Goffman, E., (1959) The presentation of self in everyday life. Doubleday Anchor, New York.
 Coe, N. (2012) Health panels: The development of a meaningful method of public involvement. Policy Studies, 33, 263-281. doi:10.1080/01442872.2012.694267
 Bowie, C., Richardson, A. and Sykes, W. (1995) Consulting the public about health service priorities. British Medical Journal, 311, 1155-1158.
 Department of Health (2008) Real involvement: Working with people to improve health services. Crown Copyright, London.
 Lee, R.M. (1993) Doing research on sensitive topics. Sage publications Ltd., London.
 Lee, R.M. and Renzetti, C.M. (1993) The problems of researching sensitive topics. In Renzetti, C.M. and Lee, R.M., Eds., Researching sensitive topics. Sage Publications Inc., Thousand Oaks.
 Schulze, B. and Angermeyer, M.C. (2003) Subjective experiences of stigma. A focus group study of schizophrenic patients, their relatives and mental health professionals. Social Science & Medicine, 56, 299-312.
 Bruner, D.W. and Boyd, C.P. (1999) Assessing women’s sexuality after cancer therapy: Checking assumptions with the focus group technique. Cancer Nursing, 22, 438- 447. doi:10.1097/00002820-199912000-00007
 Coe, N. (2009) Exploring attitudes of the general public to stress, depression and help seeking. Journal of Public Mental Health, 8, 21-31.
 Department of Health (2003) Attitudes to mental illness 2003 report. Crown Copyright, London.
 Oliver, M.A., Pearson, N., Coe, N. and Gunnell, D. (2005) Help seeking behaviour in men and women with common mental health problems: Cross-sectional study. British Journal of Psychiatry, 186, 297-301.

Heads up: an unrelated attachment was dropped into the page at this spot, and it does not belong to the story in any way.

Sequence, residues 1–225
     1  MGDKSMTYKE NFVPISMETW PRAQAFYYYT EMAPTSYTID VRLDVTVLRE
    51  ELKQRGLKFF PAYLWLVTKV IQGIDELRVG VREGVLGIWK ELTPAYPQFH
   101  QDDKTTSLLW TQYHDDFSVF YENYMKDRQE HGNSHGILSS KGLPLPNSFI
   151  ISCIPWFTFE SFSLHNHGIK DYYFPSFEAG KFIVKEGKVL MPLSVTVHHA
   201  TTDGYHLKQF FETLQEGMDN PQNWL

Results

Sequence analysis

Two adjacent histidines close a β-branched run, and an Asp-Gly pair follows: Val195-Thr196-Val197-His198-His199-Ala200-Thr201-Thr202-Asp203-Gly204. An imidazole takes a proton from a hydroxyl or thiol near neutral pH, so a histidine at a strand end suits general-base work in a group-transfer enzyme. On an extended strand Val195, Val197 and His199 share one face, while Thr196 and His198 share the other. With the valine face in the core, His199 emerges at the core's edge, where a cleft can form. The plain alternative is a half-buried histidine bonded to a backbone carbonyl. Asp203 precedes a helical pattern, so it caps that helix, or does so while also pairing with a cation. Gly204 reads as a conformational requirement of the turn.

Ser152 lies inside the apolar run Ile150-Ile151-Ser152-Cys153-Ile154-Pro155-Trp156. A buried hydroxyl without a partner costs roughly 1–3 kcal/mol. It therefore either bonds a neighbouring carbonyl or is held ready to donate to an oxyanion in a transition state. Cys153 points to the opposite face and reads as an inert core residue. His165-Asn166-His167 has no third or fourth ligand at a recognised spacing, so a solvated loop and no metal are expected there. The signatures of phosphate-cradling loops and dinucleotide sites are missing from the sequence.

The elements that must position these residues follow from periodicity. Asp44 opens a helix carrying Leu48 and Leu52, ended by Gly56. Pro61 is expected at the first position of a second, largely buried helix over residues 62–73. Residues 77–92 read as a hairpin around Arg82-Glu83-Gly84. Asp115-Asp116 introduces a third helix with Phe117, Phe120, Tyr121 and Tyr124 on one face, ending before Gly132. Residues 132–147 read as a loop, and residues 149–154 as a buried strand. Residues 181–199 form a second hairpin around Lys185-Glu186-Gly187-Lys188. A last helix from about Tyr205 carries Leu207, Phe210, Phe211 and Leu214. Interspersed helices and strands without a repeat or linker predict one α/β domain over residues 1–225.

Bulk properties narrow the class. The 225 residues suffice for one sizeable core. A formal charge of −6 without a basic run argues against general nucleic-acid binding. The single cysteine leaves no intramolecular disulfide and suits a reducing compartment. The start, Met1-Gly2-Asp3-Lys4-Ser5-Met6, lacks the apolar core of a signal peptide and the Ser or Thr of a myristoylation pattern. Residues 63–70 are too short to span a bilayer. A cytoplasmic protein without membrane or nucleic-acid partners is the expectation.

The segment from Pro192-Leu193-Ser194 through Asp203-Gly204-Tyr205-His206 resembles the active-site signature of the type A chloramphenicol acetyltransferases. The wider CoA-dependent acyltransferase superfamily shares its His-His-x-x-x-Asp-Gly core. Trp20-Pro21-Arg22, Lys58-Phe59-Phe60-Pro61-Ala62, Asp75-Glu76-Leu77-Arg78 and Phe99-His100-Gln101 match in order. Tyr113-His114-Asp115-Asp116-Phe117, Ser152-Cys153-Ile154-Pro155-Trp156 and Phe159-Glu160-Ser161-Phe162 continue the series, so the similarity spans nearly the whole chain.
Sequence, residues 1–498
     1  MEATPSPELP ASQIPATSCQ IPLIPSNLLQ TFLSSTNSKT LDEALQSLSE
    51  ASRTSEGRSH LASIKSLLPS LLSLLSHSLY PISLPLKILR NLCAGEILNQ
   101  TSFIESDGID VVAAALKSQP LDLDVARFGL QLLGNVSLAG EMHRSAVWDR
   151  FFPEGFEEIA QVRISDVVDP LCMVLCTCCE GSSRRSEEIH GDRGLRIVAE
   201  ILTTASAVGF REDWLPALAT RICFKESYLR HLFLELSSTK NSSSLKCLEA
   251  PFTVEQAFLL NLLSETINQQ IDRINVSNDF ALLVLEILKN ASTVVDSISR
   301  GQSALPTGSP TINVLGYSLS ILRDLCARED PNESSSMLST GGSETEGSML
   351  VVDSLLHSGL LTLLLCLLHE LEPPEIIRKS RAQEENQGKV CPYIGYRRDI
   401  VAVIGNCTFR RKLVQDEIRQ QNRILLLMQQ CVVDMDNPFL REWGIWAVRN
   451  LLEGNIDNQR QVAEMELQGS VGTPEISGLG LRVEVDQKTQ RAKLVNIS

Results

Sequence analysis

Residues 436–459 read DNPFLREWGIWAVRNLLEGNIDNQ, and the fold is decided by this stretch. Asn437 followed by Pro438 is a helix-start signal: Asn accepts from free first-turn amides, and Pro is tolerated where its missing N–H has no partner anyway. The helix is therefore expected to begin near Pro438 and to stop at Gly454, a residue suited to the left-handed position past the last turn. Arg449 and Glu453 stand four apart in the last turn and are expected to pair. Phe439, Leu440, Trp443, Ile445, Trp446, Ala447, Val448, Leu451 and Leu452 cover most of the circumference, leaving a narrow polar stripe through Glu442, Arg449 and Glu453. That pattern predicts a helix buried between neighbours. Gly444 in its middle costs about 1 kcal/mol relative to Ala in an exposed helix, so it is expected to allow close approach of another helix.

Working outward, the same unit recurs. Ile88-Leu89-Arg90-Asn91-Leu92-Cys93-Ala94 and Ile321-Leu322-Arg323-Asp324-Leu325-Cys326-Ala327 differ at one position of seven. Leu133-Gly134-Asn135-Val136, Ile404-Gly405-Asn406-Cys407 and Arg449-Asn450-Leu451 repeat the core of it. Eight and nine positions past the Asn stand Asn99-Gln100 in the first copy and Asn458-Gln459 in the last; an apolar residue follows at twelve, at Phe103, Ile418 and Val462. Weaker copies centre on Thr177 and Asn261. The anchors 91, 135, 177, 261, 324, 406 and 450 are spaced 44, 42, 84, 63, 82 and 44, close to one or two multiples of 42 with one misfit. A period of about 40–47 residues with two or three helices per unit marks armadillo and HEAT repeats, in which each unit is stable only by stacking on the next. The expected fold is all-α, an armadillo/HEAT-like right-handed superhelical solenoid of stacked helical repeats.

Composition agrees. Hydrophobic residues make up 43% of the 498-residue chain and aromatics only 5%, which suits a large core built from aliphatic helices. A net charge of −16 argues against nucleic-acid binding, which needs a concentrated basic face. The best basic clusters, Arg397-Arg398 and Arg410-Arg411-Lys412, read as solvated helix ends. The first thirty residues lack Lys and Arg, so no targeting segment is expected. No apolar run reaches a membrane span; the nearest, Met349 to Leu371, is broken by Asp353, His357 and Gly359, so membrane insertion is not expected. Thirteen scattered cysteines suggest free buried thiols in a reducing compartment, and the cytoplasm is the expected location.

Bellamy, J. and Purvis, J. (2001) The somerset health panels: Report of the 20th round of panels held in April/May 2001. Somerset Health Authority Internal Report.
 Braun, V. and Clarke, V. (2006) Using thematic analysis in Psychology. Qualitative Research in Psychology, 3, 77-101. doi:10.1191/1478088706qp063oa
 Dindia, K. and Allen, M. (1992) Sex differences in self-disclosure: A meta-analysis. Psychological Bulletin, 112, 106-124. doi:10.1037/0033-2909.112.1.106
 Krueger, R.A. (1998) Moderating focus groups. In Krueger, R.A. and Morgan, D.L. The focus group kit. Sage Publications Inc., Thousand Oaks.
 Ajzen, I. (1991) The theory of planned behavior. Organizational Behavior and Human Decision Processes, 50, 179-211. doi:10.1016/0749-5978(91)90020-T
 Markova, I., Linell, P., Grossen, M. and Orvig, A.S. (2007) Dialogue in focus groups: Exploring socially shared knowledge. Equinox Publishing Limited, London.
 Bakhtin M.M. (1981) The dialogic imagination. In: Emerson, C. and Holquist, M., Trans., University of Texas Press, Austin.
 Morgan, D.L. (2010) Reconsidering the role of interaction in analyzing and reporting focus groups. Qualitative Health Research, 20, 718-722.
 Kessler, D., McGonagle, K.A., Zhao, S., Nelson, B., Hughes, M., Eshleman, S., Wittchen, H.U. and Kendler, K.S. (1994) Lifetime and 12-month prevalence of DSM- III-R psychiatric disorders in the United States. Results from the National Comorbidity Survey. Archives of General Psychiatry, 51, 8-19.
 Vogel, D.L., Wade, N.G., Wester, S.R., Larson, L. and Hackler, A.H. (2007) Seeking help from a mental health professional: The influence of one’s social network. Journal of Clinical Psychology, 63, 233-245.